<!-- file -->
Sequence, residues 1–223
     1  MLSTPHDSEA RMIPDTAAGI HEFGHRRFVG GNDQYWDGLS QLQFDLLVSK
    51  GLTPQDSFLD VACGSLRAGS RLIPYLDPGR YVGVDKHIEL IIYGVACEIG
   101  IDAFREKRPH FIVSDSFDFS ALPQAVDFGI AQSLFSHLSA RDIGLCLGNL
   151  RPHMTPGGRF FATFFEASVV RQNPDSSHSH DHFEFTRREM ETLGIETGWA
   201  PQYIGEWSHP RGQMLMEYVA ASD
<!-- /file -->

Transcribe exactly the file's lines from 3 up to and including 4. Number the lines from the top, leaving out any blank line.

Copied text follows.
    51  GLTPQDSFLD VACGSLRAGS RLIPYLDPGR YVGVDKHIEL IIYGVACEIG
   101  IDAFREKRPH FIVSDSFDFS ALPQAVDFGI AQSLFSHLSA RDIGLCLGNL